We took a ton of photos, so I’ll share a few (the ones that aren’t blurry or don’t have water droplets obstructing the lens). Here’s a photo of “moon milk” — love the heart shape:

And I love this photo of what looks like some prehistoric creature — somehow quite appropriate for when you’re this deep in a cave:

And, finally, here’s a photo from the room called Angel Falls, where plant debris containing fulvic acid has been deposited onto the cave walls by the water flow — and when backlit turns this gorgeous luminescent blue:

And this is only the briefest of tours — learn more at the Oregon Caves web site — better yet, visit if you can.

Oh, and there was a happy ending for the cave’s founder: Davidson and his beloved dog both made it out safely — and the monument was established in 1909.

 

 

  Category: On nature
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Ask the editor: How to create authentic characters

By Midge Raymond,

Q: How do you write a first-person character whose voice doesn’t sound like the writer’s own? At some point does the character just take on his/her own life and you, the author, disappear? — J.W., Seattle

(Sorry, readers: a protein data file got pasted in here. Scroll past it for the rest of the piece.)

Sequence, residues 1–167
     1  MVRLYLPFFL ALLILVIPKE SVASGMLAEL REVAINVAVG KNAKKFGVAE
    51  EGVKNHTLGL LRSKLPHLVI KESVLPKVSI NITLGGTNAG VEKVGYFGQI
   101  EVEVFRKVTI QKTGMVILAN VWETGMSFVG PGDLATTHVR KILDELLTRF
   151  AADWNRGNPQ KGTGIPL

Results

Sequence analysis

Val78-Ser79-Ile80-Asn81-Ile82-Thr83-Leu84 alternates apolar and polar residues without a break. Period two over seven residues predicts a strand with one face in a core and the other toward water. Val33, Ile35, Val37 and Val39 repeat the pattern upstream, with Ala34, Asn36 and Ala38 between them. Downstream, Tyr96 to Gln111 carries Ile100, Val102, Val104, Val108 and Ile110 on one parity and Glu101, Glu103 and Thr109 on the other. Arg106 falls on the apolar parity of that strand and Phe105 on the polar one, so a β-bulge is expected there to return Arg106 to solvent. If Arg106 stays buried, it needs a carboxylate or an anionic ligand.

A: Many writers choose to write in a first-person POV because this voice comes naturally — it’s similar to writing in a journal or writing a blog entry. But, as J.W.’s question points out, when it comes to fiction writing, an author needs to make the sure the character can live and breathe on his or her own.

First of all, it’s not the end of the world if your character sounds a lot like you — as long as this character is real, engaging, and true to life. An author may want to avoid characters that resemble themselves for a couple reasons — for example, if you plan to write more than one book or story, you’ll want to diversify; also, you may want to distance yourself and your own life from your characters (a brief note to fiction writers: everyone will think it’s you, anyway, so don’t worry about this too much).